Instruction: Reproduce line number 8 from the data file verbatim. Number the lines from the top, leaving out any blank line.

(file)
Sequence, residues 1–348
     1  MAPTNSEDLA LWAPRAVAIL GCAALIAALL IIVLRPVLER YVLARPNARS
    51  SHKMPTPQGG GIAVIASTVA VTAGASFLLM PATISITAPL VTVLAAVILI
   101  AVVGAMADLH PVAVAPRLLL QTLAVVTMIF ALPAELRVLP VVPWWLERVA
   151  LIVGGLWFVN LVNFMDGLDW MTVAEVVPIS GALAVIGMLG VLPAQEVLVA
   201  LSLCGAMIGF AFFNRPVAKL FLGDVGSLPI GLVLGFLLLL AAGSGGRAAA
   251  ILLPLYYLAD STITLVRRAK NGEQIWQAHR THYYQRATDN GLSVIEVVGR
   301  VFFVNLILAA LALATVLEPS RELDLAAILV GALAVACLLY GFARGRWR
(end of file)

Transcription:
   301  VFFVNLILAA LALATVLEPS RELDLAAILV GALAVACLLY GFARGRWR